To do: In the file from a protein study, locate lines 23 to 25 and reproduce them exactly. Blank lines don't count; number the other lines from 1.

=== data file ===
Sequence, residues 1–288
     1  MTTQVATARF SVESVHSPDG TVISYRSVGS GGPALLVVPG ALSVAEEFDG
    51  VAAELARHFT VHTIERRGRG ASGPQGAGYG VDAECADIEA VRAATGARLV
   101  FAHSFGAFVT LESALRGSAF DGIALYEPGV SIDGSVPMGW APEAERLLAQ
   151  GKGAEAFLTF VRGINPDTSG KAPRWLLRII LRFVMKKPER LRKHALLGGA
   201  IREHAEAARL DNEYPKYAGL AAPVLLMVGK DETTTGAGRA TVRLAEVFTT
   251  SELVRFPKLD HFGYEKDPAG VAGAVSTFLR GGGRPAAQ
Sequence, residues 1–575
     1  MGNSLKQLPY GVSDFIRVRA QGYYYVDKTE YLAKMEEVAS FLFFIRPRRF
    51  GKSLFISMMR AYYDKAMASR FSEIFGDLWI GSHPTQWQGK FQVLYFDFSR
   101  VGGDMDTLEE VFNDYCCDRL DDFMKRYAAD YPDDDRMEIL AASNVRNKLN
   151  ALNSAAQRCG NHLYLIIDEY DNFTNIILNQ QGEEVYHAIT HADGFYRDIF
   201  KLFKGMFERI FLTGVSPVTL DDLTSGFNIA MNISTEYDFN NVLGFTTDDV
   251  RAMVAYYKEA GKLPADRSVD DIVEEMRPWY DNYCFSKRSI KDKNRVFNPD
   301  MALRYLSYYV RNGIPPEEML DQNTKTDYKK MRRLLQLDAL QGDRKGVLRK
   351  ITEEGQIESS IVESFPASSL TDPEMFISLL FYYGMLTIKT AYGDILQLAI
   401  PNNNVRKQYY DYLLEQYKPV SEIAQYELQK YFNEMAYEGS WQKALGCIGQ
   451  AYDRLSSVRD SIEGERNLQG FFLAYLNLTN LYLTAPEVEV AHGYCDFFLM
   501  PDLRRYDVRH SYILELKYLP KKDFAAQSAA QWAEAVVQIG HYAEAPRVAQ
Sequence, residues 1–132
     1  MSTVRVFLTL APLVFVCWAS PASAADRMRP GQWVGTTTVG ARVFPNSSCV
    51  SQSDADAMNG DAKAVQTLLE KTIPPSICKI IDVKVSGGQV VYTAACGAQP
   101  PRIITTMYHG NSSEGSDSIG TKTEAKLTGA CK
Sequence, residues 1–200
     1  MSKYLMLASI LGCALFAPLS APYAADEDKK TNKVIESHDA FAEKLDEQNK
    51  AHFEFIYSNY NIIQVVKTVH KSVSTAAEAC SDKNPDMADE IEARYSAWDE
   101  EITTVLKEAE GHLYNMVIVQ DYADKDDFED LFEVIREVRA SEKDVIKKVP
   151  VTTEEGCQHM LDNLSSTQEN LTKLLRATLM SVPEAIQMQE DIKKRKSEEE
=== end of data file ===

   101  PRIITTMYHG NSSEGSDSIG TKTEAKLTGA CK
Sequence, residues 1–200
     1  MSKYLMLASI LGCALFAPLS APYAADEDKK TNKVIESHDA FAEKLDEQNK